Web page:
Posts Tagged ‘five-paragraph fix


Welcome to new readers and my greatest hits list

I feel incredibly fortunate to have had my blog mentioned on the internet king of all miscellanea, BoingBoing, last week when they published an email I wrote to one of the co-founders. That single mention has brought more readers on the blog, which is always a good thing in my book.

If you’re new or just finding this for the first time, here’s a greatest hits list of some of the most popular posts and among the posts that I am most proud of:

Since one of my jobs is helping students transition from the widely taught five-paragraph essay into a more fluid format, I also constructed a series of posts called “The Five-paragraph Fix.” Here are some of the better posts in that series:

I should also take this time to mention that I’m eager to talk to readers and to develop a community here where others have a voice. If you have specific topics you’d like to seen written about or you have topics that you want to write about, please comment or drop me a line.


The Five-paragraph Fix – How to write longer essays

So many student writers conceive of how close they are to finishing a paper in terms of how many words or pages they have to write to get the minimum threshhold. If a teacher hands out an assignment without a page length requirement, the first question will likely be, “How many pages does it need to be?” If that teacher wishes to amp up the students’ stress level to eleven, s/he need only respond, “As long as it needs to be.” Students in our Writing Studio routinely describe a paper that is “only two pages” as easy and a paper of ten or more pages as a monumental task.
For more experienced writers with a lot of expertise in their subject area, the reverse is true. Condensing a complex idea into two pages can be much more of a headache than it can be writing ten pages.
Why is writing longer papers so hard for student writers? How does someone get past that fear of the longer paper? Continue reading ‘The Five-paragraph Fix – How to write longer essays’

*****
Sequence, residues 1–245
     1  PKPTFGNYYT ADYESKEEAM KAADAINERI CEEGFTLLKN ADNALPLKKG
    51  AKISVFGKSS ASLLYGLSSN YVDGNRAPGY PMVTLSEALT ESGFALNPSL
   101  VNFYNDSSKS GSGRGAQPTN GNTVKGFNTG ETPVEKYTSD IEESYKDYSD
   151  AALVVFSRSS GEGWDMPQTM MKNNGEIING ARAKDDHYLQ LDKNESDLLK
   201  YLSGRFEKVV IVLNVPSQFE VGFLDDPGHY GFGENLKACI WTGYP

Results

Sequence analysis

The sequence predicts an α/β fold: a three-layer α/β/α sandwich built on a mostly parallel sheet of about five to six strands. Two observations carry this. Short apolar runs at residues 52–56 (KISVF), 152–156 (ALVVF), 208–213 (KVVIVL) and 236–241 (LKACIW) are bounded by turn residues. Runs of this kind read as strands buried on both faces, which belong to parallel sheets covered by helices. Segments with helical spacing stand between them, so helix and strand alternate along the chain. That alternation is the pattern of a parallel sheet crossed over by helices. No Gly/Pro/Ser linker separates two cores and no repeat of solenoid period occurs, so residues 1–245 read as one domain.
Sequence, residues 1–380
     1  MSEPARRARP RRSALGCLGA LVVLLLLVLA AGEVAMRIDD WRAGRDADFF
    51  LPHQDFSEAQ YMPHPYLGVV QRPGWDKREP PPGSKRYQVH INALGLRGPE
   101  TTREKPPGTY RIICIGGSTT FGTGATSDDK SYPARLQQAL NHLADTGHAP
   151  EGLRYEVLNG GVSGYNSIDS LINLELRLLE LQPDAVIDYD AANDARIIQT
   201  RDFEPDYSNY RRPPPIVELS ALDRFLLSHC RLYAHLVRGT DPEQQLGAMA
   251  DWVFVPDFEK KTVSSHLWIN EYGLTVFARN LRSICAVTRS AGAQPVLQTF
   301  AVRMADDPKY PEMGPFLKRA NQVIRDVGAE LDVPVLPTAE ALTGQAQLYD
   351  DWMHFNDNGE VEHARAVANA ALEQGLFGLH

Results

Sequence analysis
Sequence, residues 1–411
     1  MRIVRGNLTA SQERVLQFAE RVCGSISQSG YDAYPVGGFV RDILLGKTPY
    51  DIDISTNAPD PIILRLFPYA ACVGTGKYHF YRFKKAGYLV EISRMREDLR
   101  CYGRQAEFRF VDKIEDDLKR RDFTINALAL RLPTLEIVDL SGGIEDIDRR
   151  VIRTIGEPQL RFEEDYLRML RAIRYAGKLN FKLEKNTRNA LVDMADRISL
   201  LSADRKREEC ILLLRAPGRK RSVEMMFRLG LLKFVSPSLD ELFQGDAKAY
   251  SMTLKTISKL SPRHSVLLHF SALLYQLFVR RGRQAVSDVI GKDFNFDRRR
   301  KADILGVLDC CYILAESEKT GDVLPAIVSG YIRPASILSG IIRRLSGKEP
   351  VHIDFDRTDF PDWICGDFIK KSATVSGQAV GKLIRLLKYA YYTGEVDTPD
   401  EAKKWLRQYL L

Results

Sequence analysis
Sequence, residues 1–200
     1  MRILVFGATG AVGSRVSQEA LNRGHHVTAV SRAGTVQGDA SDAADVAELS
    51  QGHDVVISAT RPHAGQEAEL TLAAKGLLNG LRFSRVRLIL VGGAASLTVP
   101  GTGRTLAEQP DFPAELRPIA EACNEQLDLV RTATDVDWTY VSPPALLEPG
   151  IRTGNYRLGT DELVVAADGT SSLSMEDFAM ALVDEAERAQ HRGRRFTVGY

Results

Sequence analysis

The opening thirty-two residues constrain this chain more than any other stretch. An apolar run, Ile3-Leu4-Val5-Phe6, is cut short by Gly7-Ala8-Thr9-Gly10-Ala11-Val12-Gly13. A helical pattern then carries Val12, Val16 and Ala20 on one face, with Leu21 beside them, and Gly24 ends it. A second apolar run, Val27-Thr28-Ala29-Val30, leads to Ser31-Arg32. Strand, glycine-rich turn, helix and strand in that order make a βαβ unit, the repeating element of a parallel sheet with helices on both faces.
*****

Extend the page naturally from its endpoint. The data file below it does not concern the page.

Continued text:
The Five-paragraph Fix: Critical thinking essentials

Learning to write analytical essays is one of the harder adjustments most students will have to make in college. A lot of composition teachers blame high school teachers and their commitment to the five-paragraph essay for  students’ struggles, yet that position is a bit reductive. Even after students know and readily acknowledge that they can no longer write the five-paragraph essay, they still have trouble producing essays that demonstrate critical thinking.

Understanding why writers have trouble with critical thinking starts with trying to understand critical thinking. We’ll do that here, and then look at how teachers and students can apply that knowledge. Continue reading ‘The Five-paragraph Fix: Critical thinking essentials’


The Five-paragraph Fix: A new template

The other day, I asked groups of first-year students to identify the five biggest differences between high school writing and college writing. When they finished, I asked how many of the groups said something about leaving the five-paragraph essay behind. Nearly all of them. I asked why. One said, “We can’t just fill in the blanks and end up with a good essay.”

Then, I asked, “How many of you just wrote down the first five differences that came into your head?” All of them raised their hands.

That’s a problem.

Student’s are quick to figure out the limitations of the five-paragraph essay, but that’s not a fix. They still need to break the habit of just filling in the blanks and learn to exercise their critical thinking skills.

Let’s start that process off by giving them better blanks to fill. Continue reading ‘The Five-paragraph Fix: A new template’


The Five-paragraph Fix: Why it’s needed.

A few days ago, my site stats showed that someone found my blog by searching for “how to write a non five paragraph essay.” Yesterday, someone came here after searching for “why is the five paragraph essay bad?” These searches evoked feelings of both satisfaction and guilt.  I was happy to see the gremlins who run such search engines would send those types of questions my way: those questions are why this blog exists. My guilt came from the fact that I’ve not yet covered this topic. However, given the fact that I did the same Google search and found it didn’t yield many successful results, I suppose it’s time to get on with it. So Anonymous Googlers, this one is for you.

Welcome to the first post in a series that I’m calling the “Five-Paragraph Fix.” To kick things off, let’s answer the second Googler’s question first. Why do we need a five-paragraph fix? Continue reading ‘The Five-paragraph Fix: Why it’s needed.’

Good Writer, Bad Writer

Good writer, bad writer reflects the philosophy behind the first writing lesson I attempt to teach students. Too many of them come into college believing that their writing abilities are set in stone. The bad writers continue to struggle, and the good writers don't take enough risks in their writing, figuring that any misstep will throw them back into the "bad writer" category.

Good writer, bad writer is my attempt to break the power of that dichotomy. On here, I share the lessons and attitudes that I teach, but I also talk about the attitudes I have towards my own writing since many of those have informed my own teaching. Thanks for visiting.

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